Datin Patricia Lim Pui Huen, great grand
daughter of Wong Ah Fook with some of
the books she wrote about the history of
Johor and her ancestor
Both the government and property owners must understand that conservation of heritage buildings contributes to the emotional ties of the local people and their sensitivity towards the past.  As such, the authorities should act in the people’s interest to find solutions to enable our heritage buildings to be conserved while the property owners are not deprived of enjoying the value of the property.  Conservation work is expensive and the corporation that owns the old mansion should be given a package of incentives and tax breaks to help them with the building’s restoration work.

Incidentally I was at a Soroptimist International JB event last week where Datin Patricia Lim Pui Huen, the great-grand daughter of Wong Ah Fook, was a guest speaker.  She is a professional historian and author of several well researched books including, Wong Ah Fook - Immigrant, Builder and Entrepreneur (Times Editions 2002) and Johor – Local History, Local Landscapes 1855 to 1957 (Straits Times Press 2009).  After the event, we had a chat and I could sense her distress as she told me how she replied to the Chinese media who approached her for comments about the old mansion.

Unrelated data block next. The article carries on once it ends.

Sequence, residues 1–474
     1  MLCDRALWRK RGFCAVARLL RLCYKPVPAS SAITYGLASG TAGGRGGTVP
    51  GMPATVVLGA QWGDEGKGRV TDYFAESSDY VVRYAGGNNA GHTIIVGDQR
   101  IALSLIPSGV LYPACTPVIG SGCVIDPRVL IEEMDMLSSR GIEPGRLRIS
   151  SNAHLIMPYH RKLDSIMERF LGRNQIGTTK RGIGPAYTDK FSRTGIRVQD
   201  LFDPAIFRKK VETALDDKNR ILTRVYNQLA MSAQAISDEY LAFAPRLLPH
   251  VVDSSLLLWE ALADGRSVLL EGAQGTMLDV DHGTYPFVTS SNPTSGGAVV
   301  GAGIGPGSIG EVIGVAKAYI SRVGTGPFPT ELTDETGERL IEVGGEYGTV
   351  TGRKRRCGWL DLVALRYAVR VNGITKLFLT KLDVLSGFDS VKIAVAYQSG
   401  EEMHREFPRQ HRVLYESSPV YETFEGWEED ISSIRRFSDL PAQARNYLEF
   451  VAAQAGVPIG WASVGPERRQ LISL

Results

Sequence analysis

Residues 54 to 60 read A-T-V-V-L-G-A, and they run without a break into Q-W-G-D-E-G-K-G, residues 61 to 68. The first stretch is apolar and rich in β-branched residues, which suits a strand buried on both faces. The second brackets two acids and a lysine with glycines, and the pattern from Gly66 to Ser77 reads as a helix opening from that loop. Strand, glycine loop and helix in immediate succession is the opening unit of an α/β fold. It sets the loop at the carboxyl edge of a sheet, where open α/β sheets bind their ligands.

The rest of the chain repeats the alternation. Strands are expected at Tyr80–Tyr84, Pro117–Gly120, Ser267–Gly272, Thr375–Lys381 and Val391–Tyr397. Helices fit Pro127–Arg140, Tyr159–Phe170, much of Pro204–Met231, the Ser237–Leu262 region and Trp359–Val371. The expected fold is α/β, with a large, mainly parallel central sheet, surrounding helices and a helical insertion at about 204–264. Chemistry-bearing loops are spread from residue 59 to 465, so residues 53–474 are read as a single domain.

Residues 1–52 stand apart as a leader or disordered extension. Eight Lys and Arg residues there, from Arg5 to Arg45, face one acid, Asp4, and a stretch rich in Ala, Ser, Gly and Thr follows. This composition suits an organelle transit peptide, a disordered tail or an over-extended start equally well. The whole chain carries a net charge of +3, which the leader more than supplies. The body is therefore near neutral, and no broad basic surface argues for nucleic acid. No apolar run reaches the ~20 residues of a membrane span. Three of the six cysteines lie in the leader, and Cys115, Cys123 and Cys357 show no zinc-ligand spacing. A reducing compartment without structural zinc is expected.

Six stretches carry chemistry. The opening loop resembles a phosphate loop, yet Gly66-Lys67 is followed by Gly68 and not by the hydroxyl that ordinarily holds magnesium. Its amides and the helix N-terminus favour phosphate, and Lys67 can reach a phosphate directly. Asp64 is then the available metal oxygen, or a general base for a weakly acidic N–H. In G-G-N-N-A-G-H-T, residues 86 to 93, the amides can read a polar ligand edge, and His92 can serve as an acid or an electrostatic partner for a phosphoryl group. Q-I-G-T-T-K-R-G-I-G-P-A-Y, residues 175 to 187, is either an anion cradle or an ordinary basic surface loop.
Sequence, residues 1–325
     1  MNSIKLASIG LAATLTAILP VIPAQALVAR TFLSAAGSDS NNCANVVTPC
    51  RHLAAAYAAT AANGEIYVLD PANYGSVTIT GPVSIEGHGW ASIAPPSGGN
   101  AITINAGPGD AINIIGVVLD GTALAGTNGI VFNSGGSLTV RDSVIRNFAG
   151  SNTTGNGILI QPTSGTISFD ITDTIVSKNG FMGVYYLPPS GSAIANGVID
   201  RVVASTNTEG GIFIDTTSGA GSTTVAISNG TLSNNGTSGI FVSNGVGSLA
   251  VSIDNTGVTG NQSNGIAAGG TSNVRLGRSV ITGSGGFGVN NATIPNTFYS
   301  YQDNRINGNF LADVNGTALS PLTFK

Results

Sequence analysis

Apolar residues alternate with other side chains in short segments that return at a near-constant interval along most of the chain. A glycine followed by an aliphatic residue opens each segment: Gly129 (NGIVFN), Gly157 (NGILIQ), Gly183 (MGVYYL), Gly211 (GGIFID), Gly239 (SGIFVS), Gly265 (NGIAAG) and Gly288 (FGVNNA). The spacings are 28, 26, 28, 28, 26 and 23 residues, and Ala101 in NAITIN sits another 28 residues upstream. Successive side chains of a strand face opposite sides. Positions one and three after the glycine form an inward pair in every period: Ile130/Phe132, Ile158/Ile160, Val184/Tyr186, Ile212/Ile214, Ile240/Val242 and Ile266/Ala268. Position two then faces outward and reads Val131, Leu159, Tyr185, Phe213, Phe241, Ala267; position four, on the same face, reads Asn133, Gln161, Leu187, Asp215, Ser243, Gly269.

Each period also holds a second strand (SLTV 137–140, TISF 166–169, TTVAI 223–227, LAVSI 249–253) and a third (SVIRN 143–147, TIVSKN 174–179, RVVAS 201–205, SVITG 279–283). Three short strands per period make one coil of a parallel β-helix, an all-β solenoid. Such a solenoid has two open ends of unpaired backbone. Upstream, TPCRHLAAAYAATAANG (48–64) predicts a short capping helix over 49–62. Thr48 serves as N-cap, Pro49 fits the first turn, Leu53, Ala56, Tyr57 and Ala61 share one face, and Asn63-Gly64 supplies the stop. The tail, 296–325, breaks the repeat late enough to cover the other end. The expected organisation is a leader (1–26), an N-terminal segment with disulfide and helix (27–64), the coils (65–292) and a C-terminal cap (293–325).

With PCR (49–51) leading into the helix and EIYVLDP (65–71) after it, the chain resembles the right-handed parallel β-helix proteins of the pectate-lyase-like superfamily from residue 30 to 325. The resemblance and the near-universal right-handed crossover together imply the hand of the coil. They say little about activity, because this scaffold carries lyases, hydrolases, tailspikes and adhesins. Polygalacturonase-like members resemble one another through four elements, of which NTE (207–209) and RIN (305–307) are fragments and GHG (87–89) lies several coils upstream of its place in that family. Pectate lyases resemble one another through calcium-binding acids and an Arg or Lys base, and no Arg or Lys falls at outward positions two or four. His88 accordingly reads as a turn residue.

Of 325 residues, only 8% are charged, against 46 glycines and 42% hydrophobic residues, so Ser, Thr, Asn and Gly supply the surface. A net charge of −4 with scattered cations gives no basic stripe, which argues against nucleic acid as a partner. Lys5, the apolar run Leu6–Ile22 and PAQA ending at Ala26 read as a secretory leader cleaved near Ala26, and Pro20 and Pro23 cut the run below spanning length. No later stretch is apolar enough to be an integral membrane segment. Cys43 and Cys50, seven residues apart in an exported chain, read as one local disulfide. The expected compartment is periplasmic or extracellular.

The former main wet market in Kuala Lumpur was preserved and adapted for reuse in 1986 as Central Market, a commercial cultural centre to showcase Malaysian traditional handicrafts, and is now a popular destination for both locals and foreign tourists.  This was achieved through the efforts of the Malaysian Heritage Society, the precursor of Badan Warisan Malaysia, which has expanded its heritage conservation work to Malacca and Georgetown in Penang – cities declared UNESCO World Heritage Sites in 2008. 
Once the junk and debris are removed, the mansion's
graceful architecture will be clearly revealed
While heritage societies have been formed by Malaysians in Taiping, Perak and Sabah who are actively involved in conserving and preserving their local heritage, it is heart-warming to see how Johoreans are emerging with an earnest desire to conserve our precious heritage. 

They include under-graduates from the UTM Architecture faculty who are keen to study the old mansion and have joined the voices calling for the building conservation but this does not mean we want to stop development.  The government is the guardian of cultural and natural resources and they must use policies, laws, plans and guidelines to ensure the long-term sustainability of these resources.  Just as an old wet market was transformed into the vibrant Central Market in KL, the corporation that owns the old mansion must consider the unique potential of how the Wong Ah Fook mansion can be adapted for use as a shining centerpiece to add more value to their modern development.

A version of this article was published in The New Straits Times, Streets Johor on 29 April 2014


By Dr. S. Shanmugam